Tuesday, May 31, 2005
This is a split screen image of Yerkes Observatory in the visual and near-infrared. I moved the camera in between images and wasn't planning in advance, but the comparison still works. You can see the pine tree turns white, the blue sky turns very dark, and the tones of the brickwork and dome sheeting subtly change.
Automobile windows, we are all taught, are wonderful examples of the greenhouse effect. Visible light streams in, is absorbed by the car's interior, and converted to heat. The thermal infrared light is then reradiated by the interior but unable to escape the glass, and the car heats up.
Manufacturers are well aware of this fact, and today's cars have a higher glass to surface ratio than older ones. Given this, why aren't we melting the plastics in the car?
We could tint the windows, to reduce the total light into the car, but this is dangerous at night, and is completely impractical for the windshield.
The answer is in the glass itself. Automotive glass contains a special additive to absorb near-infrared light. NIR is worthless to human vision, but can contribute significantly to the heat load of a car. (I can't remember the reference, but I've read it can be 50%).
Here is an image of a car that visually had no tinted windows; indeed, no one can opaque their windshield legally:
A spectral graph of a glass like that is here. (Link used to go to a nice graph but it's missing).
You can see that American currency has some sort of blank stripe code on the back of the new bills: http://www.lib.uchicago.edu/~dean/infrared/slides/IMG_4784.html.
I saw this at here; and then a simple search shows that it is no secret but a great anti-counterfeiting technique: http://www.accubanker.com/support/irmappings.phtml
These need a separate post.
P.S. Here's an image of a Linne statue with a false-color mapping.
My infrared gallery
Bushes in the near-IR
Sunday, May 22, 2005
All of the images were normalized with "Auto Levels" in Photoshop and desaturated to greyscale. The raw images are very purple and underexposed.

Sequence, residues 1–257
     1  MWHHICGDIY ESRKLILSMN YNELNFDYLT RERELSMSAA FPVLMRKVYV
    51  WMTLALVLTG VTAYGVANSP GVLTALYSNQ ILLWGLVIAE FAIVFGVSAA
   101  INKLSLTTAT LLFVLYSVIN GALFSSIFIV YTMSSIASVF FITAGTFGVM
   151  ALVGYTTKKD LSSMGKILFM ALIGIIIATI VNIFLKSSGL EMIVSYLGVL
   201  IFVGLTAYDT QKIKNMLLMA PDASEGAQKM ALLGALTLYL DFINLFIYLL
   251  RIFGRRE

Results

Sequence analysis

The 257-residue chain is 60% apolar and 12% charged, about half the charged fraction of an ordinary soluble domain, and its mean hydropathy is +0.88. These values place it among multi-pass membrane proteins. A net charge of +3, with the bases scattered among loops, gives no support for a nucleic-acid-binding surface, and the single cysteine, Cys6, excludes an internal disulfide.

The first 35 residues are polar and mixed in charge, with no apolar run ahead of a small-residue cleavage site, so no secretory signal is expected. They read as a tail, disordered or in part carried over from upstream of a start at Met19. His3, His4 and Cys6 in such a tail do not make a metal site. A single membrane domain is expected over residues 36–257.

The filter material
was color negative film, fully exposed and processed, stacked
up in three. This sandwich is opaque to the eye except for
bright filaments. There is leakage around the sides of the filter when I place it on the camera lens, and since it's just negative film, there are significant reflections between the three pieces, creating a hotspot in the center of the frame.
In the camera, all three channels respond,
although the green is weaker than red and blue. The response
from all three channels must be the residual near-IR leakage
through the color filters, and scenes appear to be the same if
you compare each color channel. With a two layer sandwich you
begin to see more red light come through, and this creates a
neat contrast between near-infrared-red and near infrared:
http://www.lib.uchicago.edu/~dean/blog/ir2-auto.jpg. There is
a normal visual comparison at
The exposures are roughly 1000x longer with the filter in bright sunlight.
In the next post, I'll discuss some interesting details about near-infrared light: plants, automotive windows, and currency.
And split screen comparisons with normal visual images.
Visual Infrared Comparisons
Plants in the near infrared
Linne Statue in the near infrared
IR hosta (or plantain lily)
Tuesday, May 17, 2005
Tuesday, May 03, 2005
Plus, a graph of the transmission of fully exposed and developed color negative film, from recorded by here:
This helps explain how dust removal scanners with ICE work--the film dyes are transparent in the infrared, but dust isn't. An infrared scan of the negative shows a clear negative with only the dust visible. Silver grains in black and white film are uniformly opaque to light and so ICE won't work with it.